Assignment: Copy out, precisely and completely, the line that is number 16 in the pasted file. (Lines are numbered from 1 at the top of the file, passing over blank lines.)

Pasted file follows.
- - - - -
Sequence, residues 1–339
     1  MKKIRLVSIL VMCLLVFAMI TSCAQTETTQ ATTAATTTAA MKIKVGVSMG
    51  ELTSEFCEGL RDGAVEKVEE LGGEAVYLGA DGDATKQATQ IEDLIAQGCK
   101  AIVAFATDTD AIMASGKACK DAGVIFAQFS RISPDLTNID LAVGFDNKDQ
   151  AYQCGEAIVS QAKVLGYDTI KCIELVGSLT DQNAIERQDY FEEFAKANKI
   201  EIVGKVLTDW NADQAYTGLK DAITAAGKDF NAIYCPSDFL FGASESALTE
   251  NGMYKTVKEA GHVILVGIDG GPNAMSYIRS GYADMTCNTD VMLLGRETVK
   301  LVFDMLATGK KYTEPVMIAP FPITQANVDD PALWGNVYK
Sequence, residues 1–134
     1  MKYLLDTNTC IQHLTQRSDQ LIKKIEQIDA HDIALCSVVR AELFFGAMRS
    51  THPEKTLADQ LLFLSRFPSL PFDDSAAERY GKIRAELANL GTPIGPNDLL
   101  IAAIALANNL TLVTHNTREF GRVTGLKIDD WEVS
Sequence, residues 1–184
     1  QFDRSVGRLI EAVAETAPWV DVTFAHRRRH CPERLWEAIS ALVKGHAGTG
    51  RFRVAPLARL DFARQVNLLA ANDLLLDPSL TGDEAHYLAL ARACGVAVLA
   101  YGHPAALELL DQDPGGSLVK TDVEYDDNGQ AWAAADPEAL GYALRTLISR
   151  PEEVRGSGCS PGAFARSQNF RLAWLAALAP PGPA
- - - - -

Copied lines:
   101  YGHPAALELL DQDPGGSLVK TDVEYDDNGQ AWAAADPEAL GYALRTLISR